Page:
From 11 to 13 July 2005, WPF/Bouaké sub-office conducted a monitoring and evaluation mission of the school canteens in the localities of Niakara and Katiola and reported that preliminary results showed that school canteens are having a positive effect on the attendance rates in the afternoon.
In Duékoué, WFP completed the food distribution in the catholic mission. 5,665 people benefited from food delivery, but food needs are still high among certain vulnerable groups that were not targeted by this distribution, as in the case, in particular, of the elderly. WFP was requested to carry out a specific assistance action in support of this group. On 14 July 2005, WFP provided 2,500 internally displaced persons hosted at the "Palais de Justice" with food assistance.
In the western town of Man, FAO distributed seeds of maize to 55 persons of the locality of Flanpleu, in the area of Danané. 550 kg seeds of maize - representing 10 kg per person for an estimated cultivable surface of approximately 27,5 hectares - were made available to farmers.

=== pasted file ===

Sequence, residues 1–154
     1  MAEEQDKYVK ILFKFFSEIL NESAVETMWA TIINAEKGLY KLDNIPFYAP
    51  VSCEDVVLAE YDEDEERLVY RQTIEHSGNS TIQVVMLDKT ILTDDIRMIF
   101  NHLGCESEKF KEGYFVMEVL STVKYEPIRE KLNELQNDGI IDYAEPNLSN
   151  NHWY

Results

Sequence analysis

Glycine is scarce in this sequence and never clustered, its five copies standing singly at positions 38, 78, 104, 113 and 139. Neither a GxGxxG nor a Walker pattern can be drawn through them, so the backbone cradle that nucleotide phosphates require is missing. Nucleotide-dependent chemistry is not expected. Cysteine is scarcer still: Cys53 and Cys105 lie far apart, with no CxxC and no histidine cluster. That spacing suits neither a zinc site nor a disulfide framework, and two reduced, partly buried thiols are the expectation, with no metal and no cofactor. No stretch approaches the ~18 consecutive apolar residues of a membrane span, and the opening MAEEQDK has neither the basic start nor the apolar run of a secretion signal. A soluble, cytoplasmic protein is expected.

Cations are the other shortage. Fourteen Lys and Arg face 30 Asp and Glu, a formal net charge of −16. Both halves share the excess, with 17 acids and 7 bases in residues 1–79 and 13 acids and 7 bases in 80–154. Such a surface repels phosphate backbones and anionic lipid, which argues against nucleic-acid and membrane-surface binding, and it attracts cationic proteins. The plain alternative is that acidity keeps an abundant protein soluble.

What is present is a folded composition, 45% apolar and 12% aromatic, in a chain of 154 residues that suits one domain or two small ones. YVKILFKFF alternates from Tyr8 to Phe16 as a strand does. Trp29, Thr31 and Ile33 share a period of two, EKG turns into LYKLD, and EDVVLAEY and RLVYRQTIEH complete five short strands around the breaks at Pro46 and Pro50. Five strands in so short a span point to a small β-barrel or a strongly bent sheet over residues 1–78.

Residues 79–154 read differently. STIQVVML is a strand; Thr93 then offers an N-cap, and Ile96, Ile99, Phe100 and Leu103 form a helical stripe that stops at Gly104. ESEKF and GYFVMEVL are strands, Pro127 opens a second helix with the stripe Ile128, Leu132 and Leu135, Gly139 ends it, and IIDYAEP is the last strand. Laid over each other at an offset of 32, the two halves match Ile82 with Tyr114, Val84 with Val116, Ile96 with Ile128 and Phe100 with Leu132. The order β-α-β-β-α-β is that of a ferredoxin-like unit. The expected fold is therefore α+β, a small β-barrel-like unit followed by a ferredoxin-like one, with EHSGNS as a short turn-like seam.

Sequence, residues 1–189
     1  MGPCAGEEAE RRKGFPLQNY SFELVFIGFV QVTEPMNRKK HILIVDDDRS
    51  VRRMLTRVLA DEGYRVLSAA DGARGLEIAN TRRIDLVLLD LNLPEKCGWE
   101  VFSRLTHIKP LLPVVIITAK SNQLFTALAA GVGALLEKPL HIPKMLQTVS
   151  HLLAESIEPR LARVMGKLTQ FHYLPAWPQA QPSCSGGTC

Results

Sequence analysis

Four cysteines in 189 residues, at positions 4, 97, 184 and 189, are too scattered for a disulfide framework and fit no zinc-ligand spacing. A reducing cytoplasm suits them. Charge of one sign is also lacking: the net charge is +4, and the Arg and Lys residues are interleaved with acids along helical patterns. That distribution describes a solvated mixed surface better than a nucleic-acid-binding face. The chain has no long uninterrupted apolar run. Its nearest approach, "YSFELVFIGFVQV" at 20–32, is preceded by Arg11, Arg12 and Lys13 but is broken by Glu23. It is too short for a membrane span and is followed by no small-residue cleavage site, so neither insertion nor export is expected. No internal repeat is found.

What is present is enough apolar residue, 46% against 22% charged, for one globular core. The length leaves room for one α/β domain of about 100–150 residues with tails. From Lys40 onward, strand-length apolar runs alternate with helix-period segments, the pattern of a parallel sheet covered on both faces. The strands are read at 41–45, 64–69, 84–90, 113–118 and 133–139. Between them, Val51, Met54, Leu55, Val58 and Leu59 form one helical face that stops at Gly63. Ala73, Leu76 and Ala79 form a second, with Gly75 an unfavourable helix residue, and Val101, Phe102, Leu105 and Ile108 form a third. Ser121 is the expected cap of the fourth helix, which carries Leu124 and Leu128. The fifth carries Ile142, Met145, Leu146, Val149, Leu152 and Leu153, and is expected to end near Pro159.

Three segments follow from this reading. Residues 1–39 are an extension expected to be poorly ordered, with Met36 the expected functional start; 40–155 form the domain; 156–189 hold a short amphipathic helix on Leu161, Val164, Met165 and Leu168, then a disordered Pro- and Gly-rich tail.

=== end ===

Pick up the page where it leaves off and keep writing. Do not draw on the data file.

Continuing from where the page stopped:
III. Humanitarian Coordination
It is important to highlight that in Man, the water shortage is still a matter of great concern. This issue was discussed again during the coordination meeting on 15 July 2005 at the OCHA man Office when the French peacekeeping announced that if the repair of the damaged power line is not carried out within a reasonable time, it will be forced to withdraw its generators. OCHA approached the electricity company (CIE) to replace the damaged electric cables and called on the civil authorities of the "Forces Nouvelles" to convince the local population to pay their electricity bills.
USAID and ACF - in collaboration with WFP and OCHA - carried out a joint mission to Korhogo from 14 to 17 July 2005 in order to assess the humanitarian situation in the region, with a particular focus on water needs. The mission visited the Nutritional Centre of the local Red Cross in Korhogo and the Health Center in Dikodougou (about 50 Km south of Korhogo) that, in collaboration with PAM/Korhogo, provides assistance to malnourished children and women. The mission met representatives of ICRC, ARK (local NGO), French peacekeeping forces and "Forces Nouvelles" local civil authorities and the organizations participating in the "water and sanitation sectoral group".
OCHA is expected to establish an antenna in Bouna in early September.
IV. Resources mobilisation (as of 17 July 2005 according to FTS)
No new contributions reported on Financial Tracking Service (FTS)
- UN Office for the Coordination of Humanitarian Affairs
- To learn more about OCHA's activities, please visit https://www.unocha.org/.